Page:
It's constantly updated and does what it's supposed to do while being super lightweight while at it. IMO it's the best, even better with Win8 since it's built-in.

j2006 said,
Care to explain in detail how it's flopping towards the end?
It's constantly updated and does what it's supposed to do while being super lightweight while at it. IMO it's the best, even better with Win8 since it's built-in.

Used to load it on PCs I worked on for people because they wouldn't pay for AV. Lots of those PCs came back with fake AV malware problems. MSE is terrible when it comes to rogue AV. I also don't remember it dealing with TDSS rootkits well, either.

AVG free is full of false positives, sadly, else is a great recomendation. I have had 0 troubles with MSE, but that's not the only thing i use. I basically plug any usb storage (that is not mine or that i loaned for some time) into a linux box or at least a vm before i use it. And i do have self control when it comes to clicking crap on the internets.

Don't care if it pass or not. Generally, if you don't go to suspicious website, you won't get a virus. The only anti-virus you need is common sense.

link6155 said,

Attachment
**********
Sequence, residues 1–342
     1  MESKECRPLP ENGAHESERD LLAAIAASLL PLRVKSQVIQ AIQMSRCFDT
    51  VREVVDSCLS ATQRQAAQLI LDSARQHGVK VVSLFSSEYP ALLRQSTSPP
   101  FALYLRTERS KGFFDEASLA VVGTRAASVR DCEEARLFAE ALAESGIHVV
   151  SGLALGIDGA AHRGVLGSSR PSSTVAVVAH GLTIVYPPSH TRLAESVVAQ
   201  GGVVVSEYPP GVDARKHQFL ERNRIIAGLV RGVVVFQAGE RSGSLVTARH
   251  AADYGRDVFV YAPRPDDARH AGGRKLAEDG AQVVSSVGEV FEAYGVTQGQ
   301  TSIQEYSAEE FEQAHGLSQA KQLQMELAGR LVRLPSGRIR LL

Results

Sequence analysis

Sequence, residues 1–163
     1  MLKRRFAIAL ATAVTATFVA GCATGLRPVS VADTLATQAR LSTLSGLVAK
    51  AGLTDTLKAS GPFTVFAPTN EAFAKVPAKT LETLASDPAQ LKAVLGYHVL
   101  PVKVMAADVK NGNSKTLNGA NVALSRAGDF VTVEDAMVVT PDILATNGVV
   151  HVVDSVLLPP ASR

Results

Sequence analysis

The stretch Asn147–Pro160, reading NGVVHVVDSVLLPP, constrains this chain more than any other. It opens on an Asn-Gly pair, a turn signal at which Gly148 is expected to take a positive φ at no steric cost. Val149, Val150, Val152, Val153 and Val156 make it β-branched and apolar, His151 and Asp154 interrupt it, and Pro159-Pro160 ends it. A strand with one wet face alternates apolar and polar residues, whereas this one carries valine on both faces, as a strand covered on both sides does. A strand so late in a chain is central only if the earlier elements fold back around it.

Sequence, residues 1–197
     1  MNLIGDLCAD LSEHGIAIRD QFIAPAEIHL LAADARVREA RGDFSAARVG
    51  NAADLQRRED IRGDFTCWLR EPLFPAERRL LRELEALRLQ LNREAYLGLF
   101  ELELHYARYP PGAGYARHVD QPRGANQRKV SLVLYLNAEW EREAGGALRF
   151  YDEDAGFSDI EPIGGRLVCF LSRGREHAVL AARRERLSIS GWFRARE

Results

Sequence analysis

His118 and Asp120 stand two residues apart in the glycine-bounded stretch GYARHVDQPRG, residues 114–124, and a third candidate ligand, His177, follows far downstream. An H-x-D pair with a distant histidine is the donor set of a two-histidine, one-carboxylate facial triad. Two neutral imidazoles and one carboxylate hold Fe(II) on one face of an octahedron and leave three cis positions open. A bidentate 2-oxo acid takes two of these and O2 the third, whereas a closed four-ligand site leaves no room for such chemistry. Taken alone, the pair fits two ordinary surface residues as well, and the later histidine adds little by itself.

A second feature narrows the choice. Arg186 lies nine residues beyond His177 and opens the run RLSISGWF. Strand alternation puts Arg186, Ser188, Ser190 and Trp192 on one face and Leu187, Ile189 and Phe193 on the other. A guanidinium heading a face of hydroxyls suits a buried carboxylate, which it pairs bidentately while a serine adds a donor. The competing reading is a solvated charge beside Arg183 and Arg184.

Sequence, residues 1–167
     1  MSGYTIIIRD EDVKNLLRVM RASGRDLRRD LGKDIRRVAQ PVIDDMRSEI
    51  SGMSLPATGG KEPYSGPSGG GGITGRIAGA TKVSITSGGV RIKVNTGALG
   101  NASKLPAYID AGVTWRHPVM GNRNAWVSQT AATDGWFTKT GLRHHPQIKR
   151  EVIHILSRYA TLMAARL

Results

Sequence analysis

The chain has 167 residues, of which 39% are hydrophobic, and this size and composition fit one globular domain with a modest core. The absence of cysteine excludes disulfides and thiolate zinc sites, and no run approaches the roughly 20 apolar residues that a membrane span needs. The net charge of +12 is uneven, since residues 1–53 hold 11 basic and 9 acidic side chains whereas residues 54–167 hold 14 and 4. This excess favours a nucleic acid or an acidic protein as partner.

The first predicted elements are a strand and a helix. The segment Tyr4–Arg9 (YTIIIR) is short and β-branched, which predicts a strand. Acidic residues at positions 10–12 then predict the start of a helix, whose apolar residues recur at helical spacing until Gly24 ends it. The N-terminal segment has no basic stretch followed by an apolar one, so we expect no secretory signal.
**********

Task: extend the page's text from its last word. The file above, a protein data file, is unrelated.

Don't care if it pass or not. Generally, if you don't go to suspicious website, you won't get a virus. The only anti-virus you need is common sense.

This is what I've always said.

heh I remember viruses. I got one back in the days of Windows 95. Sure it was my virus and I ran it on an offline pc to see what would happen. Good memory lol

People bible bash is but it was never good in tests from the start.

reminds me of the that Windows live One Care?

if that was what it was called

at this point you pretty much need a multi-engine scanner anymore.... we had to go that way at work, too many holes in one single system, when we have 4 scanners scanning all internet downloads, and e-mail messages at the FF TMG level then a end user scanner we catch pretty much all malware... always that one zero day thing that can get through but we haven't had issues since we went multiscanner

Hmm, I've been using MSE since it first started and I haven't got a virus while using it.
Well in the 20 years (almost) I've been doing stuff online I've only gotten 2 viruses, and once I had Nortons and the other time I think it was AVG I had. But that was many years ago.

Exactly the same case with me... The last virus I got was on XP, the one that could shut my PC down after 30 secs. Since then, probably nothing. Nothing serious I could feel, at least.

I've been using MSE, too, but after I went back to Windows 7 with a clean installation, I haven't installed anything and I won't.

It was quite good for a couple of years there but it clearly has fallen precipitously over the past 12-24 months. Microsoft had really better step up to the plate again on this or Windows is going to be plagued with the "full of viruses, why not buy a Mac?" paradigm so prevalent a few years ago.